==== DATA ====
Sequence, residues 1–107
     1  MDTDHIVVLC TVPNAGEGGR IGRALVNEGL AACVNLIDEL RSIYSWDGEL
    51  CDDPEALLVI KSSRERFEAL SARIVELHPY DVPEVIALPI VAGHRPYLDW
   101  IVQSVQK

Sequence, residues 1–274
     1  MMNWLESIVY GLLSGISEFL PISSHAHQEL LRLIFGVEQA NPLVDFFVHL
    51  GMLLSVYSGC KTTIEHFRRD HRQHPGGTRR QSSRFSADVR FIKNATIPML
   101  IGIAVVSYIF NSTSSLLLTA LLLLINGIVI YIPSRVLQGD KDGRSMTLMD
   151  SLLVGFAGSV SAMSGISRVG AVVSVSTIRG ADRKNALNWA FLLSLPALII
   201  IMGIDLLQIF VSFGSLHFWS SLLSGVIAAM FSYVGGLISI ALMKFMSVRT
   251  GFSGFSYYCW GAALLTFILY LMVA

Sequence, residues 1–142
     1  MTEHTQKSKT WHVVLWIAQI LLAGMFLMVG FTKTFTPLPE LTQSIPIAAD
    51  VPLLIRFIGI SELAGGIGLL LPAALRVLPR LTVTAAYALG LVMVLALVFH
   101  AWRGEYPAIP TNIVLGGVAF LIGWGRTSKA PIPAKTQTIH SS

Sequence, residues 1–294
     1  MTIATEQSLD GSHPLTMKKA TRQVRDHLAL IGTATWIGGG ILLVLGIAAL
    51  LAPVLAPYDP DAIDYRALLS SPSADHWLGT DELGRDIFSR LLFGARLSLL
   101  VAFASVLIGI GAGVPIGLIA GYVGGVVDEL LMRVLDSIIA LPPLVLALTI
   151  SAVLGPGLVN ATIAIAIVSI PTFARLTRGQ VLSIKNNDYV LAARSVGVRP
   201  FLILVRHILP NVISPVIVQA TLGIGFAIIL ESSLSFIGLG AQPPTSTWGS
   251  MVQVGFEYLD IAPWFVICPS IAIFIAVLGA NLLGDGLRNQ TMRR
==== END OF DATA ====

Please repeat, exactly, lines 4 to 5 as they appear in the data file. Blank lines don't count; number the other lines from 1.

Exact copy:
   101  IVQSVQK

Sequence, residues 1–274